Beginner's questions about Swedish Ivy and other Plectranthus
Hello everyone! :) I'm new to the forum (and still pretty new to house plants), and I have a few questions on some plants that I've collected over the past couple of years. I'll give you some history on the plants I have now to give you an idea of what I'm dealing with...
In the fall of 2009 a friend gave me a Swedish Ivy. Since I've found that there are several varieties of Plectranthus that are commonly mislabeled as Swedish Ivy, I should clarify that this one is Plectranthus Verticillatus. My friend's mom had it for a couple years before it was given to me, and had left it out on her porch all summer in the dry Arizona heat. Needless to say, it was NOT a happy camper when it came to me.
For the first year I had it I had no idea what it was or how to care for it. Luckily, Swedish Ivy is a sturdy little plant, and seemed happy enough with just being indoors and being watered once or twice a week until I could figure out exactly what it was.
I make my own fertilizer "smoothies" for all of my house plants about once a month during the spring-summer months, and the Swedish Ivy particularly seemed to like it. By the next summer it was overflowing out of its pot and onto the table it was sitting on! :)
Early this spring I noticed that the stems were getting woody and the older growth was turning yellowish, so I cut it back to a few inches from the soil and repotted it. I put a handful of the cuttings in water, which started getting roots within a week or two. I was worried that I might have killed the mother plant, but about a week later I was pleasantly surprised to find little clusters of green leaves sprouting from the stems! :)
Now all of the cuttings are in pots and seem to be happy and healthy! They're all about 6 inches tall, with nice shiny dark green leaves. The growing tips aren't growing much, but the leaves and stems are getting bigger, and tiny new sprouts are growing from the leaf bases on the bottom set of leaves. Now my question for the cuttings is, should I pinch off the growing tips now so that they'll fill out a bit, or is it too soon?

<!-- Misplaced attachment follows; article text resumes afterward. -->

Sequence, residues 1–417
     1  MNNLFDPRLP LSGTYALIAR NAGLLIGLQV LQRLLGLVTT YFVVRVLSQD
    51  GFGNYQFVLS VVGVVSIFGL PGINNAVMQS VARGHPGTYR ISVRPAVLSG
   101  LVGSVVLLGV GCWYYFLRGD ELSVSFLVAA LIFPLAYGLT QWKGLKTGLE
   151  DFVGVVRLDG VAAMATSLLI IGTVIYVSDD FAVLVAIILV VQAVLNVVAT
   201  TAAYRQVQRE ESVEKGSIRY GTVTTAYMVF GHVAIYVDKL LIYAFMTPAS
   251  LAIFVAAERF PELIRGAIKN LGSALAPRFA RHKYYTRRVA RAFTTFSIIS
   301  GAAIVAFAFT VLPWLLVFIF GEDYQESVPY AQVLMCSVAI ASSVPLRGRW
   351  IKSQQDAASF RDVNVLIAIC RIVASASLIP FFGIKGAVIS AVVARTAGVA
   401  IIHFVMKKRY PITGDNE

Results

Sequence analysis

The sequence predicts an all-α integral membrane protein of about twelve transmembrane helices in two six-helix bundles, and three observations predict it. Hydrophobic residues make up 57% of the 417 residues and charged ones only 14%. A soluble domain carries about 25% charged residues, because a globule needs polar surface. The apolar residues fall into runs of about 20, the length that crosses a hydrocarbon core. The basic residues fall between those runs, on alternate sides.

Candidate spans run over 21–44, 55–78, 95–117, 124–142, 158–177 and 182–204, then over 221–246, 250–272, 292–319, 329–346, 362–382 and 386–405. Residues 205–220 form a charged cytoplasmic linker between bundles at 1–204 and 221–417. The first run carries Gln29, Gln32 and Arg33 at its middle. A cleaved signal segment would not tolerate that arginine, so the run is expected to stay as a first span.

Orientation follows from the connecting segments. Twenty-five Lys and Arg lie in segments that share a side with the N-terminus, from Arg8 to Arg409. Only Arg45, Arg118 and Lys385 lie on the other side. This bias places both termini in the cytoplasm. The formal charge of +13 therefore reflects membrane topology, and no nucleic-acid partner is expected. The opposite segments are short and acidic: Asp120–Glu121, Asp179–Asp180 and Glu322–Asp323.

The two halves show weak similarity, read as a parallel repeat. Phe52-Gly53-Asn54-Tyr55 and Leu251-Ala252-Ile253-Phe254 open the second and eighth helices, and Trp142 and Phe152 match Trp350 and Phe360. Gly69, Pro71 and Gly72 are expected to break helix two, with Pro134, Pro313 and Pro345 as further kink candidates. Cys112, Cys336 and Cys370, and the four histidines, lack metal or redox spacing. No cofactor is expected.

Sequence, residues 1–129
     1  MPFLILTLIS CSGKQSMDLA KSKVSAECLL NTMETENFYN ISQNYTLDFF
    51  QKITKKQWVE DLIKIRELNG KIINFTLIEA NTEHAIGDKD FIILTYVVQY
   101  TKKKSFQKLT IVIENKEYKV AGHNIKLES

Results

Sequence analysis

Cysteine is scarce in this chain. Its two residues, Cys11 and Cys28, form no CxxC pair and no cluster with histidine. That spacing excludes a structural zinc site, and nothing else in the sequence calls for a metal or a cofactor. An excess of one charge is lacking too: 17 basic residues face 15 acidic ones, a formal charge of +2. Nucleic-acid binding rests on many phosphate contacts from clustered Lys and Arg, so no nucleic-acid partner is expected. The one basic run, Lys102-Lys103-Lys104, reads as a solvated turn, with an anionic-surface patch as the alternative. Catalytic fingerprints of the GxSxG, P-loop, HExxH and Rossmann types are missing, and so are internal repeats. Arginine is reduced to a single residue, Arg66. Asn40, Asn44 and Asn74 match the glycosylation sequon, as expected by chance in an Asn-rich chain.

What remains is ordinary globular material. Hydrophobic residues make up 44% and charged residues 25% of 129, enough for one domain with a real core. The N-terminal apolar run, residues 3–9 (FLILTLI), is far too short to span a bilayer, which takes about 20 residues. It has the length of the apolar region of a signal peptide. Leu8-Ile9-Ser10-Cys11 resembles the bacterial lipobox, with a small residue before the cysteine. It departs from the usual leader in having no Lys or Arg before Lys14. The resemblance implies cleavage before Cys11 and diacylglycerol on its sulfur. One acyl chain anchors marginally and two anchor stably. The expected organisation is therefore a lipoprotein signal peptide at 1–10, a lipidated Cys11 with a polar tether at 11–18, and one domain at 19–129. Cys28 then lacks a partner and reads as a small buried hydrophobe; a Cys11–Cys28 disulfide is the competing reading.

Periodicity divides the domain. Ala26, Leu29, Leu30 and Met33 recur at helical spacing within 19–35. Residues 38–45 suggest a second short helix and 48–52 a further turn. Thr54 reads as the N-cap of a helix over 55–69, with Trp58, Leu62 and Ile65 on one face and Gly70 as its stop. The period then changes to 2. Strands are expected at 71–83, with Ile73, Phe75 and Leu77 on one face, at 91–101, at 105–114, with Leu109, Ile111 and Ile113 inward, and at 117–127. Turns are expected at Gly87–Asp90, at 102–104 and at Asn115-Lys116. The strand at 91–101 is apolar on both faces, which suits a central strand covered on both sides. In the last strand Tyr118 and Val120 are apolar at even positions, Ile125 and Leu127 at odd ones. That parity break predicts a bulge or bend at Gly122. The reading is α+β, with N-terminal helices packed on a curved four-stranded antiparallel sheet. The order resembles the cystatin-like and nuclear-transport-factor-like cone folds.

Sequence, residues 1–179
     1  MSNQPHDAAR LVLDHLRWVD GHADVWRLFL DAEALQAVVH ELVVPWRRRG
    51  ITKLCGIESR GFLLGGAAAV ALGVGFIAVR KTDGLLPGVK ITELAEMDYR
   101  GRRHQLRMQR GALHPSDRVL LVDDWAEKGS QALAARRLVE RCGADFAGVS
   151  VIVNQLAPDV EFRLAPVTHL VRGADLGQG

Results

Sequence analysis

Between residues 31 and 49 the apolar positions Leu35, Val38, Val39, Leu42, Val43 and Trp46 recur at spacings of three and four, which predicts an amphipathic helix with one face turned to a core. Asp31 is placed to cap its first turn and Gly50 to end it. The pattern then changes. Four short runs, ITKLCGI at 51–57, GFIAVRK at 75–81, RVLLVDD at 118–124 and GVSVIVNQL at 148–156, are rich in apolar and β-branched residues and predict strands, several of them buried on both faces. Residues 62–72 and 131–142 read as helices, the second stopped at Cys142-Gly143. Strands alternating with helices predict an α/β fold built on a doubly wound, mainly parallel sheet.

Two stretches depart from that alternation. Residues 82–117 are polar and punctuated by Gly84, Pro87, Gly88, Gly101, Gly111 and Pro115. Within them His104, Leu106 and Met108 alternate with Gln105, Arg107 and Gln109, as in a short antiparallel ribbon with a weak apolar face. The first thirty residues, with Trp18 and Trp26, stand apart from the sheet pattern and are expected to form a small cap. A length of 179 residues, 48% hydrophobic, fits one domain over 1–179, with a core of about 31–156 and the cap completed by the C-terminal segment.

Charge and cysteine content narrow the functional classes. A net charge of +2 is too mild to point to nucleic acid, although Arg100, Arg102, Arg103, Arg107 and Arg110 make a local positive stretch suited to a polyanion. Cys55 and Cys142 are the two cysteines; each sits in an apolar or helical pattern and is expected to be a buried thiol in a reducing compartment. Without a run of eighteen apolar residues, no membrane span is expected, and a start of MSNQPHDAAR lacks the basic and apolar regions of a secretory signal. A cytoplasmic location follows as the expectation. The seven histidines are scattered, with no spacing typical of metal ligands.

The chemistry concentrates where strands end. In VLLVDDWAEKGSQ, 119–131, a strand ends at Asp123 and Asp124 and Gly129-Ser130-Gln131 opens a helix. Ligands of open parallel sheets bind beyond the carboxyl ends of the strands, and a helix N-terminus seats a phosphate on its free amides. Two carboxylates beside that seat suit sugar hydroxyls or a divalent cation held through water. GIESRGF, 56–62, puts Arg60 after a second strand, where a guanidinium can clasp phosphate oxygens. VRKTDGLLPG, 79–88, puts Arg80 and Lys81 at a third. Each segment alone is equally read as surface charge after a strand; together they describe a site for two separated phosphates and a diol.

The mother plant has doubled (almost tripled) its leaf volume and size since I cut it back, and has a few long, leafy stems trailing down the side of the pot. I fertilize about once a month, water whenever the top 2 inches feel dry and pinch off the growing tips whenever it starts to look leggy. Is there anything else I should be doing? Am I doing too much? :P
Also, I rescued what appears to be a very sad-looking Plectranthus Ciliatus (Zulu Wonder, maybe?) that was mislabeled as a "creeping charlie" from Home Depot several weeks ago. When I bought it the leaves looked pale, dull and droopy, and the soil was downright soggy. I repotted it, fertilized it, pruned off the dead and dying stuff and then just watched it for a few weeks to see what it would do...but it hasn't improved much, and maybe even looks a little worse. :/ I have several cuttings from this plant, most of which already look much better than the mother plant. They are rooting pretty well in water, and will be potted up pretty soon.
Today I took the mother plant out of the pot to look at the roots, just on a hunch. Now, I don't know what root rot looks like, but judging by the way the roots look I'm pretty sure that's what the problem is. The bottom of the roots were black and dead, so I (very carefully) removed the soil from the root ball, removed all the dead and dying roots, dipped what live roots were left in rooting hormone powder, thoroughly rinsed the pot that I had it in, mixed a little rooting hormone in some new soil, put the new soil and the plant back in the pot and watered it with a solution of 5 drops of SuperThrive in a 1/2 gallon watering can. Is there anything I can do to save this plant? Or should I just take cuttings from the healthier parts and toss the rest of the plant?
Thanks in advance for your responses, and sorry if this is long-winded. "New mom" syndrome, I guess! :P